The supply voltages generated by these are subjected to large variations. One need not worry about regulation in it, if they have an op-amp that can work over such large range; it avoids any intermediate stage of regulation.

Expandable platforms. It is very important to be able to incorporate new hardware and software solutions to a system in order to produce a better end product. As a result, it is very critical to have a flexible and expandable design platform that is compatible to and can incorporate both new hardware and software solutions, whenever necessary. Microchip’s PIC16(L)F170X and PIC16(L)F171X family of 8-bit microcontrollers offers intelligent analogue and core-independent peripherals (configurable logic cell, complementary output generator and zero crossing detector), providing increased flexibility for designers.

Somsubhro Pal Choudhury of Analog Devices believes that, the wide range of different types and sizes of data, bandwidth availability, reliability and cost considerations will not make a ‘one size fits all’ model. “Customisations and optimisations for each market vertical and sub-vertical would be the key with the industry severely fragmented, at least in this decade,” he adds.

Dedicated processors. There has been a lot of talk about dedicated microcontrollers. Many original equipment manufacturers and fabrication plants are working on process technologies that could create processors optimised for and committed specifically to the analogue implementation in IoT applications.

In-built battery monitoring. As wearable devices are run by small batteries, it is necessary to optimise the use of these power sources. An accurate battery monitoring allows the user to know the exact state of charge of battery and adds intelligence to its usage.

For example, STC3115 battery monitoring IC by STMicroelectronics could give timely alert to the user for turning off the power-consuming blocks when battery is lower than the user-programmed threshold levels.

Innovative technologies driving cutting-edge analogue components
Shrinking the size and increasing performance has always been the challenge in semiconductor industry. The semiconductor industry has been witnessing the lowering of cost and size in the last couple of decades. Process nodes have been going from 45nm down to 28nm to 20nm, and will further go down to 16nm and 10nm in the next decade.

But the manufacturers’ challenge was to achieve spatial, monetary or power efficiencies. Hence, as the limit of Moore’s law reached 28 nm, they had to migrate from planar CMOS to a new process technology. That is when devices using FinFET technology were demonstrated by Taiwan Semiconductor Manufacturing Company.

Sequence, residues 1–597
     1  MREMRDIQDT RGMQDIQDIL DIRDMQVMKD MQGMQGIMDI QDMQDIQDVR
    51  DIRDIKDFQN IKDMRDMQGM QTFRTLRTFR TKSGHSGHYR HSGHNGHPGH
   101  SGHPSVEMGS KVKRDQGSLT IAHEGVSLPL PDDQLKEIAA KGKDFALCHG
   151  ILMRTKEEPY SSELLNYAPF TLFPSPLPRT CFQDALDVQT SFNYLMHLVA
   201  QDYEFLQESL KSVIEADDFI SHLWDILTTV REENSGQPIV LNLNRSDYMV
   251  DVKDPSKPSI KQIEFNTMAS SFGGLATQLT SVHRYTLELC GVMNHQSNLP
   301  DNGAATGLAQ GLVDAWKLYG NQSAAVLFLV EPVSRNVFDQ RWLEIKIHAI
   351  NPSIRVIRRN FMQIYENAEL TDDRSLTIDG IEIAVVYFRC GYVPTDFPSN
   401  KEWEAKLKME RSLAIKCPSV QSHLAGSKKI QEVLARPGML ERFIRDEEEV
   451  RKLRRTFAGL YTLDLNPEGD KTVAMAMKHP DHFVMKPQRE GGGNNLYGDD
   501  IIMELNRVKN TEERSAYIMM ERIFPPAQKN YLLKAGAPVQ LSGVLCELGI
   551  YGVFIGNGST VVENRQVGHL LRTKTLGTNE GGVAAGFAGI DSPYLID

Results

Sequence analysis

Multiple fin-height FinFETs. The most advanced semiconductor technology used today can produce around 10 million transistor elements in a chip of size one square centimetre. A new multiple fin-height FinFET process technology has been developed at National Nano Device Laboratories (NDL), National Applied Research Laboratories (NARLabs). It allows up to 20 million transistors in the same place, which is twice the number possible today!

Unlike the traditional field-effect transistors (FETs), where gate controls source-drain current only on one side, the fin field-effect transistor (FinFET) has three-dimensional fork-shaped gate similar to a fish’s fin (hence the name). It can control the source-drain current in the transistor from three sides—left, right and top. In multiple fin-height FinFET, like the name suggests, the fins will have different heights allowing different amount of currents corresponding to associated channel height. This concept lets further reduction in chip area by 20%. Compared to a normal FinFET, the multiple-height FinFET has 20% higher storage capacity and 20% less manufacturing cost.

FD-SOI. STMicroelectronics, along with its partners, introduced a technology known as Fully Depleted Silicon On Insulator (FD-SOI). It is a planar process technology where an ultra-thin layer of insulator (buried oxide or BOX) is positioned on top of the base silicon and then a very thin silicon film implements the transistor channel.

IC etched on graphene. Several manufacturing units have been working on moving from silicon to other alternatives, to get better performance in terms of power, size and cost. These alternates could be based on graphene, nanotubes or various tunnel field-effect transistors (TFETs).

There is on-going research on these and other devices based on electron spin as opposed to electron charge. Researchers at University of California, Santa Barbara, have come up with the concept and demonstration of an integrated circuit design scheme where the transistors and interconnects are monolithically patterned seamlessly (without obvious joints or seams) on a two-dimensional atomically flat sheet of graphene.

The model of etching offers possibilities for extremely energy-efficient, transparent and flexible next-generation green electronics.

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